Understanding Need Vs Want in FICTION WRITING

At some point through our schooling, we would have been introduced to the concept of Need vs Want. Perhaps in Economics class, maybe in some other subject – we would have been familiarised with the difference.

The interesting thing is that the world that exists between Want & Need is where a great story resides. See, stories aren’t about places, or setting, or events. They are about people. And people are flawed, conflicted, grey-shaded individuals who are grappling with issues that exist inside of them. It is these internal pushes and pulls, this inner tug-of-war, this churn, that leads to conflict. And stories are about peoples’ conflicts, about them overcoming, or not overcoming them.

There is a simple way of defining Need & Want in terms of Fiction Writing. Want is something a character is convinced, he or she ‘needs’, in order to be happy. A very blatant example of this could be an alcoholic who has persuaded himself/herself that the one absolutely essential means to happiness is alcohol. Need, on the other hand, is what that character or person Actually/Factually needs to do, in order to be happy. Following from the same example, it may well be that the alcoholic really just needs to find a life-partner and put an end to his or her loneliness (the actual problem of his life).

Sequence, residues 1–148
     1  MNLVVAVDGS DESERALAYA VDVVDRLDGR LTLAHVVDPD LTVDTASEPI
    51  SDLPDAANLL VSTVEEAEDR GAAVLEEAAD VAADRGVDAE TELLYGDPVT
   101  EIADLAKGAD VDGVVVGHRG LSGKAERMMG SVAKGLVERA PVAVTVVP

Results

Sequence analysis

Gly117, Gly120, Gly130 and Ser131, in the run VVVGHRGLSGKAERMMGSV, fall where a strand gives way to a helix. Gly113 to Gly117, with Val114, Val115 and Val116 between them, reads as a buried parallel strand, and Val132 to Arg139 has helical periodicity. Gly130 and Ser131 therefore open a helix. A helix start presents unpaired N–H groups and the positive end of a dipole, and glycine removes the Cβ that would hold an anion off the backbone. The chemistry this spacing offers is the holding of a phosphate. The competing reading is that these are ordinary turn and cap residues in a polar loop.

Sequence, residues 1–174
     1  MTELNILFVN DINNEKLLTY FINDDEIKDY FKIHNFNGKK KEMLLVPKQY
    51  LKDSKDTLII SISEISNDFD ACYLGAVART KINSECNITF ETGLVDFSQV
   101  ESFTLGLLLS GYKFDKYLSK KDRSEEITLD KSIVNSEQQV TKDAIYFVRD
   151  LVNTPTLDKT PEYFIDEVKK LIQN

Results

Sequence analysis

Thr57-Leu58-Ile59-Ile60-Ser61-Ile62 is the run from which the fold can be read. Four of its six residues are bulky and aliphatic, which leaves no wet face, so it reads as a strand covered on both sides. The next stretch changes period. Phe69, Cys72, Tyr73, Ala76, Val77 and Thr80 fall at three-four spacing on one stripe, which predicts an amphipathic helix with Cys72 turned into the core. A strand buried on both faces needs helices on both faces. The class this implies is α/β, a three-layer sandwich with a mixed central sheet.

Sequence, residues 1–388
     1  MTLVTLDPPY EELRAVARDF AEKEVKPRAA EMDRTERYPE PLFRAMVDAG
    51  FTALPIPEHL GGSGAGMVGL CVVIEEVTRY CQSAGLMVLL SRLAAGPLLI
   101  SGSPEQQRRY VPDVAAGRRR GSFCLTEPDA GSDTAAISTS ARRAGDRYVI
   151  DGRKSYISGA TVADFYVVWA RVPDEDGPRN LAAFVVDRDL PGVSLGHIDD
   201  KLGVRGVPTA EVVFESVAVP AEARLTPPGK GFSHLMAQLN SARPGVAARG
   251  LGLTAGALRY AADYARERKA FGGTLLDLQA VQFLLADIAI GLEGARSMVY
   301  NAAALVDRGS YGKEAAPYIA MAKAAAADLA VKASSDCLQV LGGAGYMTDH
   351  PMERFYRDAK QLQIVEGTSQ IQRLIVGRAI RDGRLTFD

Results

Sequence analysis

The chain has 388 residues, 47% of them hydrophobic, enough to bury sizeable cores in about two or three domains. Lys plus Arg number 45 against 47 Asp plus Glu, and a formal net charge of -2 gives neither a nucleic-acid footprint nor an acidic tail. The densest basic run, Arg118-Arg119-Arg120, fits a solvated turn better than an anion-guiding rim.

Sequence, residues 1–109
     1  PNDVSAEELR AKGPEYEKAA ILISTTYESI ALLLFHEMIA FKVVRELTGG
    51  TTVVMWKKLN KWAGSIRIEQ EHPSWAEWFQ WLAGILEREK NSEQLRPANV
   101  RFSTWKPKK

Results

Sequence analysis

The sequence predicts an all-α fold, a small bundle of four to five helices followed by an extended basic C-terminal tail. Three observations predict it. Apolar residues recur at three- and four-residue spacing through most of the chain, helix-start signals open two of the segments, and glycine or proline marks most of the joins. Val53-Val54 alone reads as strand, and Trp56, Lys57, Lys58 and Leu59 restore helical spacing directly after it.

Characters in stories, like people in real life, are often completely unaware of their ‘need’. And thus they blindly pursue their ‘want’, mistaking it for their ‘need’. These two facets of their lives need to be reconciled, and it often needs an event, in cases, a series of events, that journeys the character from aimlessly chasing his ‘want’ to realizing his ‘need’. If the story is to be a triumph, the protagonist realizes and accepts his ‘need’. If it is to be a tragedy, the character continues to deny himself his ‘need’. Irrespective of the outcome, it is this journey between the two, and the resultant conflict, that makes for real, compelling, engaging characters and stories.